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A wealth of pedagogy en français

Concordia joins Université Ouverte des Humanités
February 12, 2013
By Tom Peacock

Concordia recently became the first Canadian university to join the Université Ouverte des Humanités (UOH), an international network of French-speaking universities that provides access to a vast trove of online pedagogical resources.

“Our membership is a major accomplishment,” says Fabien Olivry, a professor in Concordia’s Département d’études françaises, who led the project to get Concordia into the UOH with the support of the Office of the Vice-Provost, Teaching and Learning.

“This project not only provides our students with some of the best pedagogical resources in French but also provides teachers with funding for producing pedagogical content in French.”

The UOH is one of seven digital thematic universities created by France’s Ministère de l’Enseignement supérieur et de la Recherche. They exist to improve both undergraduate and graduate student results and to provide visibility for the resources made available through its member institutions.

The online courses available through UOH cover a gamut of humanities subjects. They are provided free of charge and each course is scientifically, educationally and technically approved by a committee of scientific advisors.

Students cannot earn credit by taking the courses offered through the UOH. Instead, courses are designed to complement their learning, allowing them to explore specific subjects more deeply and from various perspectives. For example, a student taking a course on documentary filmmaking may look on the UOH website for an online course on the history of the documentary form.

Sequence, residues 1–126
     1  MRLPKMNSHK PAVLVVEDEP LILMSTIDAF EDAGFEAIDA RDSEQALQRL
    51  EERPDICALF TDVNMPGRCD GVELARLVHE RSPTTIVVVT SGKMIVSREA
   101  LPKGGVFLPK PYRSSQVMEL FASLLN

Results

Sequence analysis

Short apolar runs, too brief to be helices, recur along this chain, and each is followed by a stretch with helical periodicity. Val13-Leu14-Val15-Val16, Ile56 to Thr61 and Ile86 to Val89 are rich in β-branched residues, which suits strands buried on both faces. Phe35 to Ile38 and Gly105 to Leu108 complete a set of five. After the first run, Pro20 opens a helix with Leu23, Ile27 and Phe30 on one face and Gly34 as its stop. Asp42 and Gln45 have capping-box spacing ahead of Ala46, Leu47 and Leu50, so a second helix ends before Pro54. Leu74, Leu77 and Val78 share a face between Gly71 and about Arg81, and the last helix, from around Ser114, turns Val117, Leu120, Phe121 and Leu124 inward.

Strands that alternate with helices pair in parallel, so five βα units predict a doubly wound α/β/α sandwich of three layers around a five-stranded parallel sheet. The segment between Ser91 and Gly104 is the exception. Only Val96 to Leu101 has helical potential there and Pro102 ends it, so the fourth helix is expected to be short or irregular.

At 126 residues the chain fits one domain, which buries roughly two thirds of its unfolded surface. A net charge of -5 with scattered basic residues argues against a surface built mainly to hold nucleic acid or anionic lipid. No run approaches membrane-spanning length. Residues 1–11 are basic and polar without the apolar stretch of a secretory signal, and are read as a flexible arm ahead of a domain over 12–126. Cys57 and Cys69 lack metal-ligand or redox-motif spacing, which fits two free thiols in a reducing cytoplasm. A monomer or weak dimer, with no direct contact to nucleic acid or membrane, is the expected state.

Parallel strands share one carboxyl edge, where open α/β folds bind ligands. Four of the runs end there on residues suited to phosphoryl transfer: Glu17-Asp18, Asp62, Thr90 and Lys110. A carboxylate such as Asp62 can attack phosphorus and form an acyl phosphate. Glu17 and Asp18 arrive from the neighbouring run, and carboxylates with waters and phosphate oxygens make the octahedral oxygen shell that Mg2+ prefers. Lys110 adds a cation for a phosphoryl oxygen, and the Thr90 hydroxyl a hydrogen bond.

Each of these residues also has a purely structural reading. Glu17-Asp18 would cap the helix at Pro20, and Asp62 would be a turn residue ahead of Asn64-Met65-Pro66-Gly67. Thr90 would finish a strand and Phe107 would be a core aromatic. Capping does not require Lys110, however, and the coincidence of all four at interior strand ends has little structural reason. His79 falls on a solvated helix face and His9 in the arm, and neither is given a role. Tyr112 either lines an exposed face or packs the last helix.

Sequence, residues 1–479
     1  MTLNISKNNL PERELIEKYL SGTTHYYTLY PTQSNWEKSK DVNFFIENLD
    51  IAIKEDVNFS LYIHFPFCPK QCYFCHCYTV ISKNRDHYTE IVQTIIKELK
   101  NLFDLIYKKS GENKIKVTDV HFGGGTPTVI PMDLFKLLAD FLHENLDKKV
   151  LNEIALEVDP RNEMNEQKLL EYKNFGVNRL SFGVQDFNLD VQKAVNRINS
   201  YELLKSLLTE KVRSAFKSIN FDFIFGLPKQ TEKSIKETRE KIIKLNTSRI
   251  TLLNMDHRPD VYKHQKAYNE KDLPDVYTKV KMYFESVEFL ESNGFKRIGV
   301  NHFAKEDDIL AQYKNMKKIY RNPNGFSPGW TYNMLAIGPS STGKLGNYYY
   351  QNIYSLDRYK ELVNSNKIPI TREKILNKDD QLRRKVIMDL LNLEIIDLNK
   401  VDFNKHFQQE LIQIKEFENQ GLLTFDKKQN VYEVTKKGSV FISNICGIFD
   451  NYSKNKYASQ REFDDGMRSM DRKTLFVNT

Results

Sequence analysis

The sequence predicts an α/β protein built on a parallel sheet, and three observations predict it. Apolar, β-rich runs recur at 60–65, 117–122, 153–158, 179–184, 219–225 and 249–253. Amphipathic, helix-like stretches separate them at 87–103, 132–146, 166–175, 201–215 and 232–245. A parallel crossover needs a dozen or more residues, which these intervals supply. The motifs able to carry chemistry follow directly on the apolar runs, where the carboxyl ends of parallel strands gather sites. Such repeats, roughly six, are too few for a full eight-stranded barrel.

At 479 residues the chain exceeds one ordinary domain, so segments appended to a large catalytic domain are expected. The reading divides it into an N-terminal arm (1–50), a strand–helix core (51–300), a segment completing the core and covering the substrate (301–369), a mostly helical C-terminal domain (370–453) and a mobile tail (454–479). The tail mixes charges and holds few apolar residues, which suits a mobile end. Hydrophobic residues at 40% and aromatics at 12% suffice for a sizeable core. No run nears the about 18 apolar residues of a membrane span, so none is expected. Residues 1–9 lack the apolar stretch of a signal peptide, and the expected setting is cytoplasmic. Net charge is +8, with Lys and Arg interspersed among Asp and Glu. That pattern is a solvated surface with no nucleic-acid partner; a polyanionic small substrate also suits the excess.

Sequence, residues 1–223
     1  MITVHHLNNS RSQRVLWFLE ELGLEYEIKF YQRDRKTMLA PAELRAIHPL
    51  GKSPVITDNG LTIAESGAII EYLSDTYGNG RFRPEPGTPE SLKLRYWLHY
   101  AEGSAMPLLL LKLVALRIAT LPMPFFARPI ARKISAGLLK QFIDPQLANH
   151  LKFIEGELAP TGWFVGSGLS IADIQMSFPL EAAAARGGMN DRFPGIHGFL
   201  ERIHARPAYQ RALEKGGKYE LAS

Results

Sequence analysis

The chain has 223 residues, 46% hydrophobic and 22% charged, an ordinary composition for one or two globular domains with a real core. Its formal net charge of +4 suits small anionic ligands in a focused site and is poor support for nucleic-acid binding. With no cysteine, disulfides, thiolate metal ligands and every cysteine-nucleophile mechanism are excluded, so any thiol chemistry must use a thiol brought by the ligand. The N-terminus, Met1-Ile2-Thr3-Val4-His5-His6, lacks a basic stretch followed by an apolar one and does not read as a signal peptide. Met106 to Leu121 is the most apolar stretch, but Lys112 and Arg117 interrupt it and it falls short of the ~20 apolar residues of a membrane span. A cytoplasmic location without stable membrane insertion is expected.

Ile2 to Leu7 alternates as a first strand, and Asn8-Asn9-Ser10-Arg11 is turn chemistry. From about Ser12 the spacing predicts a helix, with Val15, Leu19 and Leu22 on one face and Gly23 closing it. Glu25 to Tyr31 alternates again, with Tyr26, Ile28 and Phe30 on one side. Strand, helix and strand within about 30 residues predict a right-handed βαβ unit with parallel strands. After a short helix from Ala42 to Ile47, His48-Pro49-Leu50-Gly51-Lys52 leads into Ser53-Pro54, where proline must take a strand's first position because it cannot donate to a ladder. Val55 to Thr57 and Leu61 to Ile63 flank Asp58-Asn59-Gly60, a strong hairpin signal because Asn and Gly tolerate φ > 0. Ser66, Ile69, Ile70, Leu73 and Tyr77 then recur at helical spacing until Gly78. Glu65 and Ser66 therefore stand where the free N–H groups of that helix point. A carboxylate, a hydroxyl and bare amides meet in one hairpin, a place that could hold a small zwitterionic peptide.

Professors Fabien Olivry and Davy Bigot of the Département d’études françaises say Concordia’s membership in the Université Ouverte des Humanités will enhance the international reputation of its professors. | Photo by Concordia University

Olivry says that while there are rules governing how courses are set up, there is a diversity of formats available. One course may consist entirely of video capsules, while another may contain interactive elements. “It’s varied in terms of the resources we can find, and it’s addictive because we can find so many interesting things on there,” he says.

Membership in the UOH provides Concordia’s professors with significant visibility in the French-speaking academic community, Olivry says. “It increases their profile on the international scene, and it gives them a chance to forge collaborations with researchers from the other member institutions.”


Assistant Professor Davy Bigot of the Département d’études françaises assisted Olivry in securing Concordia’s UOH membership. More than anything else, he says, the network will serve to highlight Concordia’s wealth of teaching talent. “Since this is, above all, about pedagogical content, it shows that façade of the work of a university professor, which is perhaps less emphasized than our work as researchers,” he says.

Olivry and Bigot are busy creating a project proposal for the UOH’s next course selection round in the spring. If the proposal is accepted, they will receive funding from the UOH that will help to cover some of their costs.

Olivry hopes that other professors from various departments at Concordia — especially those who are able to produce resources in French — will share his excitement about the university’s new membership in the international body. “As of now, the project is mainly known inside the French department but it could potentially benefit any French-speaking teacher or student in our university,” he said.

Related links:
•    Université Ouverte des Humanités
•    Concordia’s Département des études françaises

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